April 30, 2024

The offshore wind subsidies described in your recent editorial, “Gone With the New York Wind,” (April 23) are even larger. Thanks to a March reinterpretation of the Inflation Reduction Act, offshore wind developers can claim an additional 10% investment tax credit if their on-land control systems are located in an eligible “energy community,” which include areas where coal plants have been shuttered, such as southwest Connecticut.

Then there is the rewritten Section 48 tax credit, which provides another 6% benefit for projects that provide apprenticeship programs and pay “prevailing” wages. Hence, U.S. taxpayers will be forced to pay almost half of the construction costs of offshore wind. The government also intends to socialize the costs of connecting these projects to the existing power grid, unlike, say, new natural-gas generation. Because offshore wind is inherently intermittent, they require back-up generation and battery storage that is also subsidized under the IRA. Yet offshore wind remains uneconomic without long-term contract prices higher than wholesale market prices. As European countries have shown, taxpayers and electric ratepayers are the losers in this ongoing green grift…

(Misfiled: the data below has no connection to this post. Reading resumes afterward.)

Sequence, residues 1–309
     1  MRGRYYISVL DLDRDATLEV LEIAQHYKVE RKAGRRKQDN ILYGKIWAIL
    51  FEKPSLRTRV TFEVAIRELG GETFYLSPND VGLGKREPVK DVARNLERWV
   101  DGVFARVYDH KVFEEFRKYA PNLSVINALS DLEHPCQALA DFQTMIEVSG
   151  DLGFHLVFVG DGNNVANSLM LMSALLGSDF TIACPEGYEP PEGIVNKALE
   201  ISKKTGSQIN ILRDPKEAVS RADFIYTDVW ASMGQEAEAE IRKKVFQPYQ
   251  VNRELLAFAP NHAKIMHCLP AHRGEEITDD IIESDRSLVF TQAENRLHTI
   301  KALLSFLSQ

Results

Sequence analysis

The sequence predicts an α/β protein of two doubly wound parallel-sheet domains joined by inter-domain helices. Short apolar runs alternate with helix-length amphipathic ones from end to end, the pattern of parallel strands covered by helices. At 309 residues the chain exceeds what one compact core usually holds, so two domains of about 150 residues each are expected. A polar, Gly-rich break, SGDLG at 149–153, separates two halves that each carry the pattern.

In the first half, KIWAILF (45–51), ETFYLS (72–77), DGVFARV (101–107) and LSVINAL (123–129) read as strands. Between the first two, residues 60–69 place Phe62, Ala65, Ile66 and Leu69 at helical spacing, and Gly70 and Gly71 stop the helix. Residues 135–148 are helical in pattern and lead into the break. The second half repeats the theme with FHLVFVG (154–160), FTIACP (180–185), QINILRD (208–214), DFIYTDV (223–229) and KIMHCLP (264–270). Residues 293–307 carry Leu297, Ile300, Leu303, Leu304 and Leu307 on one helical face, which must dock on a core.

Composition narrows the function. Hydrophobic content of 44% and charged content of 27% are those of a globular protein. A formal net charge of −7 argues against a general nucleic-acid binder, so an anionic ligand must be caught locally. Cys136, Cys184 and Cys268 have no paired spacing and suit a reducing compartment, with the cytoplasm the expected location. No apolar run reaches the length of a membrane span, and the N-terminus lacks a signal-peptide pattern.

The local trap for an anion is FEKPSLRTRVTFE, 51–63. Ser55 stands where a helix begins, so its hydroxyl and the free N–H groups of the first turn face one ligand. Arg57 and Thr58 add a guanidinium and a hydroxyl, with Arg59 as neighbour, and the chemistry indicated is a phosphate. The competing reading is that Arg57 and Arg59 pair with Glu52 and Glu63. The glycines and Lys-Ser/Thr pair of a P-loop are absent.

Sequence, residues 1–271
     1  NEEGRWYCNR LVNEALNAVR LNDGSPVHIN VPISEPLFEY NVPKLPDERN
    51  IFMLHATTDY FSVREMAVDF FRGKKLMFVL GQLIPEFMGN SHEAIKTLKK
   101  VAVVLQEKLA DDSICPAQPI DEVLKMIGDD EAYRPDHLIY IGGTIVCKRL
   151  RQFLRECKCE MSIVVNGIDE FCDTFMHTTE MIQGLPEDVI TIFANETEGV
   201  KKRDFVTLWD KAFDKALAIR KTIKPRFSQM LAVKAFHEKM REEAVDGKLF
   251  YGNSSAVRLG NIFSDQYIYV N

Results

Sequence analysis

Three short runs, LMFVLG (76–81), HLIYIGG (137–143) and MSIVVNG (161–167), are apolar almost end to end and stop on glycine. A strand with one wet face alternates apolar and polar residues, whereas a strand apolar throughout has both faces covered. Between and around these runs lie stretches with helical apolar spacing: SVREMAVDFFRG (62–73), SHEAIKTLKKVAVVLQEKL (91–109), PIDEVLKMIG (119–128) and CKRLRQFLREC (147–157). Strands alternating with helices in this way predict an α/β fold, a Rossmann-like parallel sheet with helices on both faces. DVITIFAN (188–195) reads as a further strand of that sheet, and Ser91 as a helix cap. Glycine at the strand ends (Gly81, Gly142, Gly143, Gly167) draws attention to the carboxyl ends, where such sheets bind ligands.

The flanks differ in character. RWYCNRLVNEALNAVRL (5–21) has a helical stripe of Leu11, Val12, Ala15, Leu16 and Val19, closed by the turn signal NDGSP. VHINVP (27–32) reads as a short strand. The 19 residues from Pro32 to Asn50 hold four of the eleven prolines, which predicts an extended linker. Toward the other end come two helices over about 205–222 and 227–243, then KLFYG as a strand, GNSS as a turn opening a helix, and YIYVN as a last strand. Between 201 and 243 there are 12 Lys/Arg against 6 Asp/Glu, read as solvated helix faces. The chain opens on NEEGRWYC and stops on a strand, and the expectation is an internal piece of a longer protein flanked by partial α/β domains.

Read the rest of the article on the Wall Street Journal


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